The artist is thriving 14 years after competing on American Idol, performing a recent sold out show at Parx Casino
By Samantha Bambino
It’s been 14 years since viewers experienced one of the biggest upsets in American Idol history. Chris Daughtry, the beautifully bald rocker from North Carolina, was eliminated. Even though he was a frontrunner from his audition, during which he sang a powerful rendition of “The Letter,” he finished fourth, with the bluesy Taylor Hicks taking home the Idol crown.
Though Hicks enjoyed some success after the show, even appearing on Broadway for a brief stint, it’s as though he’s fallen off the face of the earth in recent years. Daughtry, on the other hand, has formed a successful band and released his fifth full-length studio album Cage to Rattle earlier this year.
In promotion of the new record, Daughtry embarked on a tour, which hit Parx Casino’s Xcite Center on Saturday, Nov. 17. The sold-out show drew fans from all demographics — young girls dressed to the nines in heeled boots, older couples seeking a fun night out, and groups of middle-aged mom friends, with the latter filling most of the venue.
A little after 8 p.m., the lights went down and Johnny Cash’s “God’s Gonna Cut You Down” blasted through the sound system, marking the start of the highly anticipated evening. Then, the man of the hour took the stage.
As Daughtry belted out “Just Found Heaven,” a track off Cage to Rattle, it was immediately clear the 38-year-old hasn’t lost any steam over the years. If anything, with his deep cut V-neck shirt, rosary bead necklace and single black-painted nail, Daughtry has only gotten cooler.
He then took things back to 2006 with “Feels Like Tonight” off his debut album Daughtry. A true showman with effortless stage presence, he didn’t stop moving around the stage and interacting with his bandmates and the audience. Despite what was probably an intense cardio workout, Daughtry was in perfect voice, just as he was on every episode of American Idol.
Next on the setlist was the Baptized track “Battleships,” which Daughtry told the crowd “is about fighting.” As he sang the powerful lyrics, “I don’t wanna fight this war, bullets coming off our lips, but we stick to our guns and we love like battleships,” the audience scream-sang every word back to him, drinks raised in the air.
Before diving into “Backbone,” another track off Cage to Rattle, Daughtry hyped up the crowd, stating that the song is for anyone struggling.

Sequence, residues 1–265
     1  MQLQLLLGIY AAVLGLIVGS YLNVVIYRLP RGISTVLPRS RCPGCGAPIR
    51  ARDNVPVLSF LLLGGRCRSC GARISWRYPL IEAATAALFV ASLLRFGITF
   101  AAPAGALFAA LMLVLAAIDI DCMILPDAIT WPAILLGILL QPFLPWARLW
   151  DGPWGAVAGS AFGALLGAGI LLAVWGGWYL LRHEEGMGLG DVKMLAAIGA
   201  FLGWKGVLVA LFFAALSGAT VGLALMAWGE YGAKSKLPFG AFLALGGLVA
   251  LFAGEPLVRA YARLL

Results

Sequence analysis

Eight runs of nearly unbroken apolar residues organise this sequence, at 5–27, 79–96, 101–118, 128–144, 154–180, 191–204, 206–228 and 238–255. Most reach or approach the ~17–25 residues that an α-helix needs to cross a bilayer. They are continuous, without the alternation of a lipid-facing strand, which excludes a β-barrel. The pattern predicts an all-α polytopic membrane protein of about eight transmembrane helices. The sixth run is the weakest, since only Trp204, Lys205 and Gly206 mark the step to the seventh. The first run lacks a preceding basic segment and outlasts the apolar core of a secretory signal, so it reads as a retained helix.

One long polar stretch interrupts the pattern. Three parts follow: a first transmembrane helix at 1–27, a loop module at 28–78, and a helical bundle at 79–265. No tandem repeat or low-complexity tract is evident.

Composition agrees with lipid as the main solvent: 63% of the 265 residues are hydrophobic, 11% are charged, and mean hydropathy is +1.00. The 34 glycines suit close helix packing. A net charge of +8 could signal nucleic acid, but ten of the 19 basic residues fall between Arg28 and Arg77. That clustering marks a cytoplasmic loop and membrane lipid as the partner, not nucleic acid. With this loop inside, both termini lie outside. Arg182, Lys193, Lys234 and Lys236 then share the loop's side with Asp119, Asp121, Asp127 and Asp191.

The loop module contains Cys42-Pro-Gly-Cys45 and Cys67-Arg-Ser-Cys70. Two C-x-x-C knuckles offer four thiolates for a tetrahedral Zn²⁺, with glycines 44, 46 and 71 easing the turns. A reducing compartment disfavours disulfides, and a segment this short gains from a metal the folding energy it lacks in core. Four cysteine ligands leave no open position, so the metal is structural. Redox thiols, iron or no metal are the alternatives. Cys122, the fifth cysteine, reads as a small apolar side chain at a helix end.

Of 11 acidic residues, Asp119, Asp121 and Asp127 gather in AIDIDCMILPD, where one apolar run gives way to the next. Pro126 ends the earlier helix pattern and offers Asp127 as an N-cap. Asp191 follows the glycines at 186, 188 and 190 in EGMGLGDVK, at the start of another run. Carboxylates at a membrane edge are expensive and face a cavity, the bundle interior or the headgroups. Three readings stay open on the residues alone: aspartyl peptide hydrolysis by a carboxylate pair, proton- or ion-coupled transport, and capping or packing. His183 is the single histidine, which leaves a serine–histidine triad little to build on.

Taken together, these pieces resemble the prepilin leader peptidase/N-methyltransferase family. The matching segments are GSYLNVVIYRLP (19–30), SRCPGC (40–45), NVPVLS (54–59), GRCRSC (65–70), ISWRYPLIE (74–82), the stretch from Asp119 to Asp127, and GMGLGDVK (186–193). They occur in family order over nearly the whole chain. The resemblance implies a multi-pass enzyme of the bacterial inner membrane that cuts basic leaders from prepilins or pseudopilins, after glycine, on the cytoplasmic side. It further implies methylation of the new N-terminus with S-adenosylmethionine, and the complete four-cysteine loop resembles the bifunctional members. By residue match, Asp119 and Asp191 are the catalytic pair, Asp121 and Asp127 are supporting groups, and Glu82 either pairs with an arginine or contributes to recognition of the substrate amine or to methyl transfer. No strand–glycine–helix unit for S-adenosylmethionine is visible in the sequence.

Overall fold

“We’re all going through hard times. Nobody’s impervious to pain,” Daughtry yelled. “We gotta have some backbone!”
He kept things current with “Deep End” before backtracking again to Daughtry, which he said fans still refer to as “the good album.” At this point in the show, he brought the energy down a notch, singing the chilling “Breakdown” followed by a stunning acoustic version of “Life After You,” off the 2009 album Leave This Town.
A standout during this portion was Daughtry’s bassist Josh Paul, whose solo (and slew of neck and arm tattoos) received screams of appreciation from quite a few of the ladies.
Daughtry then took a moment to get sentimental about his wife, Deanna, much to the disappointment of most females in the audience. Daughtry explained how their marriage was built on love, support and trust, which formed the basis of “As You Are,” the only song the two wrote together.
“It’s how we managed to last 18 years,” he said. “I was on the road and she still didn’t divorce me.”
The often-overlooked sarcasm of Daughtry showed its face as he eased the crowd into the next song, the one he’ll be best known for until his dying day. Of course, we’re talking about “Home,” which he admitted gets tiring to perform after a while. To make it more interesting, he encouraged the crowd to belt out the lyrics, even if they weren’t the correct ones.
The concert moved along with the anthemic “White Flag,” the 2006 hit “It’s Not Over” and the brand new track “Stuff of Legends.” If the energy of anyone in the crowd was flagging at this point, they were re energized and on their feet when Daughtry introduced the angsty breakup song “Over You,” which he turned into a mini sing-a-long.
After a brief break (which included several audience members screaming for Paul rather than Daughtry), the band returned for an encore. The show wrapped up with “Waiting for Superman,” “September” and a pleasant surprise, “Purple Rain” by Prince. ••
Samantha Bambino can be reached at firstname.lastname@example.org